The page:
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Title: The inter, late- and post-glacial shorelines and ice-limits of Lorn and eastern Mull
Author: Gray, J. M.
Awarding Body: University of Edinburgh
Current Institution: University of Edinburgh
Date of Award: 1973
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This thesis describes the author^ investigation of ice-limits and raised shorelines in the Lorn and eastern Mull areas of western Scotland. Criticism of many of the methods used by previous workers led to the adoption of the following techniques in this study» detailed morphological aerial photograph mapping of all identifiable raised marine and fluvioglacial landforms at the 1:10,560 scale followed by careful checking and modification in the field; stratigraphic investigations involving the study of sections, augering and the use of a limited amount of borehole data; accurate levelling from bench marks of the shorelines and other terraces at close intervals; the use of radiocarbon dates, pollen analyses and macrofossil investigations; analysis of the height data using height/ distance diagrams and employing linear regression and trend surface analysis. By using principally these techniques the following sequence of events has been established. The first definitely recognisable shoreline to be formed was the Main Rock Platform which probably dates from a late inter-glacial period. Despite its age it is very well developed and associated with it are some very impressive examples of raised marine erosion. The main trend of the shoreline is a westward slope from 10.5 m O.D. at Connel to 5 m O.D. at Carsaig and Salen on Mull, a gradient of 0.16 m/km, though it is distorted by a number of bends and one possible fault. Most of the deformation is probably explicable in terms of tectonic movement, and long distance correlation of rock platforms is therefore unwise. Lithology and exposure have been important factors in influencing the height and development of the platform and related landforms. Higher and lower rock benches exist but these pose problems of origin, correlation and chronology. Ice-limits related to high sea levels are found at and south of Oban but probably mark only brief, diachronous halts during deglaciation from a more extensive ice cover, possibly the Perth Readvance. As the ice retreated, relative sea level was falling rapidly and lateglacial beaches are therefore only poorly developed and can rarely be correlated. How far sea level fell and the ice retreated are unknown. Ice readvanced during the Zone III or Loch Lomond Readvance. On the mainland glaciers reached the seaward ends of lochs Etive and Creran and advanced to the head of Loch Feochan, while on Mull a small ice-cap and several separate corrie and valley glaciers existed. Sea-level at this time was below 13-14 m O.D. at lochs Etive and Creran and below about 10 m O.D, at Glen Forsa and Loch Ba on Mull, During retreat from the maximal extent of this readvance massive outwash spreads were deposited particularly at Loch Etive and Loch Creran. Around 6,500 B.P. relative sea level reached its post-glacial maximum and formed the Main Post-glacial Shoreline (PSl) which is the best developed depositional shoreline in the study area. It slopes from 14 m O.D, at Glennoe on Loch Etive to 12 m O.D. at Flshnish Bay and the head of Loch Buie on Mull, a gradient of 0.05 m/km. During the fall of relative sea level from the Main Post-glacial Shoreline to its present level two fairly clear shorelines were formed at about 8 m O.D. (PS3) and 4 m O.D. (PS5) with gradients of only about 0.01 ra/km. The influence of exposure and the Connel rock bar on the heights of the post-glacial shorelines and present high water mark has been considered. There are also traces of 2 vague post-glacial shorelines (FS2 and FS4) between the three well marked ones. The sequence of events identified in this study compares reasonably well with the work in S.E. Scotland but previous work in the study area has been criticised and several alternative interpretations have been put forward, The thesis concludes by stressing the need for further detailed studies of this type.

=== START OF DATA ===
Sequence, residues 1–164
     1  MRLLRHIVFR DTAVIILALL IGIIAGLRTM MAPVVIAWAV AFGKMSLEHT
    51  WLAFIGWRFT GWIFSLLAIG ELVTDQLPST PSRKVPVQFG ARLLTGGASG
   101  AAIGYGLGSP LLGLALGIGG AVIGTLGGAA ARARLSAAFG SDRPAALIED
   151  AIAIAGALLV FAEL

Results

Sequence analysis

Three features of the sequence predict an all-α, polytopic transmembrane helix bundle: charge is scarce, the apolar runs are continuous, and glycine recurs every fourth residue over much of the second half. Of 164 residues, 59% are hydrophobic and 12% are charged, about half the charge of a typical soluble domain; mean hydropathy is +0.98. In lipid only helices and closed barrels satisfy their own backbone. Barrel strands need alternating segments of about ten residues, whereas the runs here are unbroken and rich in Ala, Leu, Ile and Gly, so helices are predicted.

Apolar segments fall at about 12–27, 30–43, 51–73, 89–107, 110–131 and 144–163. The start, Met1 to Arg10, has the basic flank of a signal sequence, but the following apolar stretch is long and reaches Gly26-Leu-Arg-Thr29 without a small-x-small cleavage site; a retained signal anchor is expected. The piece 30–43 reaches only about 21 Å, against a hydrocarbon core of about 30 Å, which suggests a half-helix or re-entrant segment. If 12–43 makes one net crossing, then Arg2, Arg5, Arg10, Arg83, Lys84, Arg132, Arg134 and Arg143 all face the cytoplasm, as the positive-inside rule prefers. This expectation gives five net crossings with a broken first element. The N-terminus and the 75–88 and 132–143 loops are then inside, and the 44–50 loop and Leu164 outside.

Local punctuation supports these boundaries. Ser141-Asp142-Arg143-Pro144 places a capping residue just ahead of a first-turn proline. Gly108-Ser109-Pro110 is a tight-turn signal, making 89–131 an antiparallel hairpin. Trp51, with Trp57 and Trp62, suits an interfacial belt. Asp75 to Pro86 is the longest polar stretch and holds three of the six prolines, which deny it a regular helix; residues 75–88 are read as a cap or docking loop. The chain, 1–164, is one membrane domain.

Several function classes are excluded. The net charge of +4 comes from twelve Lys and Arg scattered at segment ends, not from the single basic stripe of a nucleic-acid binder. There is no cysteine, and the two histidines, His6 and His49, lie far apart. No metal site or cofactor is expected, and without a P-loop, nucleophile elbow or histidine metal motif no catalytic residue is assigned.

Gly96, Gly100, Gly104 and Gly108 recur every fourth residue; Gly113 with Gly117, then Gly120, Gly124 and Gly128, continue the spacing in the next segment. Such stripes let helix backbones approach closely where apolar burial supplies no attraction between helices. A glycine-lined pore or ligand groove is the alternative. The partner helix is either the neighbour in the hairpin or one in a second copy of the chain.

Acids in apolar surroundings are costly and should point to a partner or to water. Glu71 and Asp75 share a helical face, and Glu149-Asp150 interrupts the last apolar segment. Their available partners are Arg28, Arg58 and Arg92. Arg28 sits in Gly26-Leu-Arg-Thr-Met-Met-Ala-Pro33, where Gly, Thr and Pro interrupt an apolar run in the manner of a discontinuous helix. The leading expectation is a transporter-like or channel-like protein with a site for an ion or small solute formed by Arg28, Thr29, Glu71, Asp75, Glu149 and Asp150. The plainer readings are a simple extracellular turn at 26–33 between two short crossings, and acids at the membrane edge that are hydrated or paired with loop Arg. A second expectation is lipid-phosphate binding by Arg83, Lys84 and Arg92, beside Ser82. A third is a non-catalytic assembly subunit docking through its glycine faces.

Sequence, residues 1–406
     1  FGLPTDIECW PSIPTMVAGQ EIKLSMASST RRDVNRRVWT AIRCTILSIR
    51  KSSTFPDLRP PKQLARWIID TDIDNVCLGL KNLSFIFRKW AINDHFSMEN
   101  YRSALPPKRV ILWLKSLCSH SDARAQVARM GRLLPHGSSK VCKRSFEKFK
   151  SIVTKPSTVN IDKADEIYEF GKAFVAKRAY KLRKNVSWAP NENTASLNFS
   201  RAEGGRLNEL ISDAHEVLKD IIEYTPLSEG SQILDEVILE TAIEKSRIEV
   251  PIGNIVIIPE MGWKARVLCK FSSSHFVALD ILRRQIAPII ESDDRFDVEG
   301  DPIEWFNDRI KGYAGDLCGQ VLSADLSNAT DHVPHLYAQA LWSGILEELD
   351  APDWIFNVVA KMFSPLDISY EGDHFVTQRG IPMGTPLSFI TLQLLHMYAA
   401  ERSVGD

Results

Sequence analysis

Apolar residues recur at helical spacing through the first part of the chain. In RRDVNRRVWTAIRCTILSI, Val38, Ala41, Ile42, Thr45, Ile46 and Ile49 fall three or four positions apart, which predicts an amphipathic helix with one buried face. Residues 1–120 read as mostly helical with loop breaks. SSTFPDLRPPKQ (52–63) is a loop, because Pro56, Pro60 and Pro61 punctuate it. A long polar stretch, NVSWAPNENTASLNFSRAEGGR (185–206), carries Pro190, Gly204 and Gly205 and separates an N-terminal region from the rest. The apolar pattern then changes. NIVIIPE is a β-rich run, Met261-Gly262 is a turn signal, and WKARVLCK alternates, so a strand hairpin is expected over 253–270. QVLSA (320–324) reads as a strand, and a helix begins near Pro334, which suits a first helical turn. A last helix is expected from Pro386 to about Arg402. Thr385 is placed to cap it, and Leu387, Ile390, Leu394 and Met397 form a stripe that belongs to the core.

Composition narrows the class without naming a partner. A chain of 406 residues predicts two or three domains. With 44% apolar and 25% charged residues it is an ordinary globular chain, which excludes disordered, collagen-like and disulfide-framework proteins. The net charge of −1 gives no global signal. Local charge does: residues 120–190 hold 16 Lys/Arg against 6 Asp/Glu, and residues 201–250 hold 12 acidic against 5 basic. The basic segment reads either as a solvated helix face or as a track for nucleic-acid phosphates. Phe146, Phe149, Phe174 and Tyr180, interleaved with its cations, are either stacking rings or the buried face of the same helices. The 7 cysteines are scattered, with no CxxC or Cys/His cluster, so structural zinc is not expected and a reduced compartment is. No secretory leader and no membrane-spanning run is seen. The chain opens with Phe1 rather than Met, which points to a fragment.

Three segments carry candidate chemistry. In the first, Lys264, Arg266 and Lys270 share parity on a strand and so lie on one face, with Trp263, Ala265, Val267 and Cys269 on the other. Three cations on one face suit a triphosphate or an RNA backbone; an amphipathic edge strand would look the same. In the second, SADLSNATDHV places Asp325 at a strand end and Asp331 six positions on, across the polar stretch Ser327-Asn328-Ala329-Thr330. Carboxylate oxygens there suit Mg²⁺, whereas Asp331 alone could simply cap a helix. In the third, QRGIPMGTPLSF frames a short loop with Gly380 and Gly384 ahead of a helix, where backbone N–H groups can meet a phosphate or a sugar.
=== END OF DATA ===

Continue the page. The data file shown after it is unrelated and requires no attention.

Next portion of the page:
Supervisor: Not available Sponsor: Not available
Qualification Name: Thesis (Ph.D.) Qualification Level: Doctoral
EThOS ID:  DOI: Not available